Friday, December 29, 2017

Russia Restores Contact with AngoSat-1 Satellite

Zenit rocket launches with AngoSat-1 satellite. Credit: Roscosmos

Russia has apparently restored contact with the Angola’s first satellite, AngoSat-1, that was launched by a Zenit rocket on Tuesday, December 26, 2017. According to RKK Energia, which manufactured the satellite and controls its operations in space, its experts have received on Thursday telemetry data indicating that the spacecraft’s systems are operating normally.

"Experts from the Energia Corporation have received telemetry data from the AngoSat satellite launched by the Zenit-3SLBF space rocket from the Baikonur spaceport on December 26. The satellite has provided telemetry data showing that all its systems settings are in order," RKK Energia said in a statement.

Zenit with AngoSat-1 lifted off from the Baikonur Cosmodrome in Kazakhstan at 19:00 GMT (2:00 p.m. EST) on Tuesday. The flight lasted some nine hours until the spacecraft separated from the launch vehicle’s Fregat-SB upper stage at 3:54 UTC on Wednesday (10:54 p.m. EST on Tuesday).

Although AngoSat-1 was successfully injected into targeted geostationary orbit, its power-generating solar arrays began to unfold and initial contact was established with ground control, the satellite went silent just few minutes later. Within hours after the malfunction occurred, RKK Energia acknowledged the problem in a statement, informing that the company’s experts are working around the clock to resolve this issue.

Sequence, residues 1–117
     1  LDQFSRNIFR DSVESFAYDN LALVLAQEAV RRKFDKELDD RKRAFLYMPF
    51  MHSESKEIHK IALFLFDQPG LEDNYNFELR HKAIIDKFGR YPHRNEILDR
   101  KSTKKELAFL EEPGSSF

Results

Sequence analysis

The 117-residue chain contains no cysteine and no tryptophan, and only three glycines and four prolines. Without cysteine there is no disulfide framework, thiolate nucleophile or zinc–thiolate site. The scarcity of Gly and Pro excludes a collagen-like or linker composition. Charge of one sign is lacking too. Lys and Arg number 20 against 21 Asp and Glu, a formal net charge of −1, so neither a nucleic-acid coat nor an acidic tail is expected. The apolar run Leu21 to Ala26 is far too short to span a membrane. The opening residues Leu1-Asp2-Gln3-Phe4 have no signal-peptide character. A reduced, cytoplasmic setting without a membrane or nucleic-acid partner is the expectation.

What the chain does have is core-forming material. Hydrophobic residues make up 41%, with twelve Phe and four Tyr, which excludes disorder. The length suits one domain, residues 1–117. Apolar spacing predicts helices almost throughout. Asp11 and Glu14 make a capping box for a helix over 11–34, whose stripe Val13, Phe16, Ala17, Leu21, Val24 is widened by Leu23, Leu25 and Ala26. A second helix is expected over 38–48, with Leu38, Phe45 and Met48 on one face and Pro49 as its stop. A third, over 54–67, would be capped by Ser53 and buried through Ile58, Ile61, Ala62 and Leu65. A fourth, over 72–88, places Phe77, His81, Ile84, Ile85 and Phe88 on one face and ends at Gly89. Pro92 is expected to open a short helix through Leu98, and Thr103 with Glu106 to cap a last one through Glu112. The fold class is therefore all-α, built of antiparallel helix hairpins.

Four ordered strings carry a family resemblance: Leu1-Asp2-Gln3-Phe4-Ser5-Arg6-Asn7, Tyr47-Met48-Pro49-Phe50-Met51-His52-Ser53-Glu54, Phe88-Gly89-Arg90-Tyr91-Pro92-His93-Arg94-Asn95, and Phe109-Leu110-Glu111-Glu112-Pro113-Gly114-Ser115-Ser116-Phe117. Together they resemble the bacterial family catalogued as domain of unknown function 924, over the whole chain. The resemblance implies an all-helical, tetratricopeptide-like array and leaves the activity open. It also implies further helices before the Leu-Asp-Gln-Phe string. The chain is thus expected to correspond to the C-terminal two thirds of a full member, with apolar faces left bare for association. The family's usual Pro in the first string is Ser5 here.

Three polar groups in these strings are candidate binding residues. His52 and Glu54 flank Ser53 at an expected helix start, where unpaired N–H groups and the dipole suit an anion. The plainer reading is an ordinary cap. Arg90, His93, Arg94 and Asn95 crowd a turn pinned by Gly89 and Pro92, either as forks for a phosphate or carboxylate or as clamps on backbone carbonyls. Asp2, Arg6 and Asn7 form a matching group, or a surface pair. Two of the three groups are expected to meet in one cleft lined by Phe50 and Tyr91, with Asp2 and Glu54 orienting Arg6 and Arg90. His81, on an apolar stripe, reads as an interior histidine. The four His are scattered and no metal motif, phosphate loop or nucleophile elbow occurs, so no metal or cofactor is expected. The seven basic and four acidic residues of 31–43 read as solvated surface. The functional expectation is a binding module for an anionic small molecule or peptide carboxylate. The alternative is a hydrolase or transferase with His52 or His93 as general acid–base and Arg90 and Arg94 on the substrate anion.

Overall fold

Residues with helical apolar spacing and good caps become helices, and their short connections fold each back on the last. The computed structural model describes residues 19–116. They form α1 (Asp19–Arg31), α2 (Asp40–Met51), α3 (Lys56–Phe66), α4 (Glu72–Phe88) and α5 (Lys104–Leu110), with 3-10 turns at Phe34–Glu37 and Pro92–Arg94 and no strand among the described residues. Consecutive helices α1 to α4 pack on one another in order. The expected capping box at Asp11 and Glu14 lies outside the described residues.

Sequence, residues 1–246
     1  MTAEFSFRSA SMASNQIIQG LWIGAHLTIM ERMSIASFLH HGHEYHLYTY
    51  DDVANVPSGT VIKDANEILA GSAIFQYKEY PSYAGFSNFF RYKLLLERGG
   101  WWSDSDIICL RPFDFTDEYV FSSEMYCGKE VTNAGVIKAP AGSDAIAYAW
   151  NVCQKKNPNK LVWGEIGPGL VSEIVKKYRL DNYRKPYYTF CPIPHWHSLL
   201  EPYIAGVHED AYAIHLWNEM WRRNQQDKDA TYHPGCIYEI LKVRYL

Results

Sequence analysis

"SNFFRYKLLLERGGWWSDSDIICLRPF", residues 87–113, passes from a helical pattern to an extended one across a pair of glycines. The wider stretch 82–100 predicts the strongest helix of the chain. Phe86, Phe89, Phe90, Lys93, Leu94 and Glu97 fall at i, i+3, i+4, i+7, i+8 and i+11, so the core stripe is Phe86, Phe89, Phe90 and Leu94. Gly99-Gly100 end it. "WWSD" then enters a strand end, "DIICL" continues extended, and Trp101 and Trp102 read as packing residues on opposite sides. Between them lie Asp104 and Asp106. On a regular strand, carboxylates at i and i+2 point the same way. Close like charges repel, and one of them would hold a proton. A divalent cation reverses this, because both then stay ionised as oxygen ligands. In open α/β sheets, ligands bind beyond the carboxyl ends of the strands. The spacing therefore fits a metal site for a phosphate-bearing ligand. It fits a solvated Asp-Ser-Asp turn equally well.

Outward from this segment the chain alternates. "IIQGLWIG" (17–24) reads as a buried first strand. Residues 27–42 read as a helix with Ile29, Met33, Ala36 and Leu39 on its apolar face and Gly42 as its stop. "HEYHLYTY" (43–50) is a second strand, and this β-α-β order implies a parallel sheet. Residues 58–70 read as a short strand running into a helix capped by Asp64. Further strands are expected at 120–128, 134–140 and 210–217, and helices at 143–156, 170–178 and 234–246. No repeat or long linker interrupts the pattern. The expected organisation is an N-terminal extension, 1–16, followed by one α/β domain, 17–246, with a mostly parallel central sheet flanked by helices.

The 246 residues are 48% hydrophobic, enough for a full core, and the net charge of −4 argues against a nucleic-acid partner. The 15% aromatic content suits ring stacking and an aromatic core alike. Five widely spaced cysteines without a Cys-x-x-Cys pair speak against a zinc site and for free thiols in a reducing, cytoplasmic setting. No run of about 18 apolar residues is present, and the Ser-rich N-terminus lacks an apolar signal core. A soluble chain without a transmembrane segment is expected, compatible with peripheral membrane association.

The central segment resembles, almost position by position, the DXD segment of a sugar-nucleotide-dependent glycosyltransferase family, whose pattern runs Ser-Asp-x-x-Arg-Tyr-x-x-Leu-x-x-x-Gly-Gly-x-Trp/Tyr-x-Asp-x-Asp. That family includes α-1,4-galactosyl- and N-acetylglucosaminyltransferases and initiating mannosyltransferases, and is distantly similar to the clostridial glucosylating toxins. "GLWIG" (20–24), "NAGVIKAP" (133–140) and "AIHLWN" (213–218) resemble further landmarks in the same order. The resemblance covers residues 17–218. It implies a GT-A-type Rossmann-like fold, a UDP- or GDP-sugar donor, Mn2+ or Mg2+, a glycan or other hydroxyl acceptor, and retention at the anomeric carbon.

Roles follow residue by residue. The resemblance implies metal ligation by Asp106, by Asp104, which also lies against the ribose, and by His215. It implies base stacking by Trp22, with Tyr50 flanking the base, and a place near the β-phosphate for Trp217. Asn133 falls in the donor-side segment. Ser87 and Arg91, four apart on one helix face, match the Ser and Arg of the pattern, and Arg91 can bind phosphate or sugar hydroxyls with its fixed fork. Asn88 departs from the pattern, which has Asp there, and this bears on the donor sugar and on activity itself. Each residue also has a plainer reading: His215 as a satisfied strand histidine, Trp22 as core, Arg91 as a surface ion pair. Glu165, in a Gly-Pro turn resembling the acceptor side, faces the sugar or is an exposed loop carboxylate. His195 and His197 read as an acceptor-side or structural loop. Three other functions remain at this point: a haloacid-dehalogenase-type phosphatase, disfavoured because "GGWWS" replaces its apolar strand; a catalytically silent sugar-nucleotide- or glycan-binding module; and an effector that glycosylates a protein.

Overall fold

The exact cause of the malfunction is still unknown, however TASS reports it could be due to issues with the satellite’s battery charge.

Similar problem to that with AngoSat-1 occurred after the launch of Foton-M No.4 satellite in July 2014 when it ceased responding to commands issued to it from the ground.

AngoSat-1 is based on RKK Energia’s Universal Space Platform (USP), weighs around 1.55 metric tons, and features two deployable solar arrays. It is equipped with 16 C-band and 6 Ku-band transponders; its designed lifetime is 15 years. The satellite was built to provide television broadcasting and telecommunications services in the Ku-band within the territory of the Republic of Angola as well as C-band coverage over the entire African continent and Europe.

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